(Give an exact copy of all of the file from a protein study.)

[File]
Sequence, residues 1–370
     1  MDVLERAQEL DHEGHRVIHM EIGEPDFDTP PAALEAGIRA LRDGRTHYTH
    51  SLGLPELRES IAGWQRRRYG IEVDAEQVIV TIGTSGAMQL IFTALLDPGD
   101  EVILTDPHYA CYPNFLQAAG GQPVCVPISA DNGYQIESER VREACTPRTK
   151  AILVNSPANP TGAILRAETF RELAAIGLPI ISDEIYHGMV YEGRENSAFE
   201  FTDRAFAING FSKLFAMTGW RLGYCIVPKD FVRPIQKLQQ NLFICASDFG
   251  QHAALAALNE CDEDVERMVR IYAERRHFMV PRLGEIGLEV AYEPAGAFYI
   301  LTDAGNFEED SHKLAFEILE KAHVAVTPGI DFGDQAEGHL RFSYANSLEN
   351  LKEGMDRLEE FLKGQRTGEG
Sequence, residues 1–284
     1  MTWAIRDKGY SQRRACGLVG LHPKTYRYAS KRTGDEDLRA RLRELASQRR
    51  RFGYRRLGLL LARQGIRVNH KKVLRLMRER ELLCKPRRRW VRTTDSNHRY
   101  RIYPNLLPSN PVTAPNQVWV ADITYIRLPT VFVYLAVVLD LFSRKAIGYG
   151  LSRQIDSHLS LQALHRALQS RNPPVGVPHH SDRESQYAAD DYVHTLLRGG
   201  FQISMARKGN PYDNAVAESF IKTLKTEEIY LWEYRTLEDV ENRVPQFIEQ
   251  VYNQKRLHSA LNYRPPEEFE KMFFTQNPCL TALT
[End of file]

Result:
Sequence, residues 1–370
     1  MDVLERAQEL DHEGHRVIHM EIGEPDFDTP PAALEAGIRA LRDGRTHYTH
    51  SLGLPELRES IAGWQRRRYG IEVDAEQVIV TIGTSGAMQL IFTALLDPGD
   101  EVILTDPHYA CYPNFLQAAG GQPVCVPISA DNGYQIESER VREACTPRTK
   151  AILVNSPANP TGAILRAETF RELAAIGLPI ISDEIYHGMV YEGRENSAFE
   201  FTDRAFAING FSKLFAMTGW RLGYCIVPKD FVRPIQKLQQ NLFICASDFG
   251  QHAALAALNE CDEDVERMVR IYAERRHFMV PRLGEIGLEV AYEPAGAFYI
   301  LTDAGNFEED SHKLAFEILE KAHVAVTPGI DFGDQAEGHL RFSYANSLEN
   351  LKEGMDRLEE FLKGQRTGEG
Sequence, residues 1–284
     1  MTWAIRDKGY SQRRACGLVG LHPKTYRYAS KRTGDEDLRA RLRELASQRR
    51  RFGYRRLGLL LARQGIRVNH KKVLRLMRER ELLCKPRRRW VRTTDSNHRY
   101  RIYPNLLPSN PVTAPNQVWV ADITYIRLPT VFVYLAVVLD LFSRKAIGYG
   151  LSRQIDSHLS LQALHRALQS RNPPVGVPHH SDRESQYAAD DYVHTLLRGG
   201  FQISMARKGN PYDNAVAESF IKTLKTEEIY LWEYRTLEDV ENRVPQFIEQ
   251  VYNQKRLHSA LNYRPPEEFE KMFFTQNPCL TALT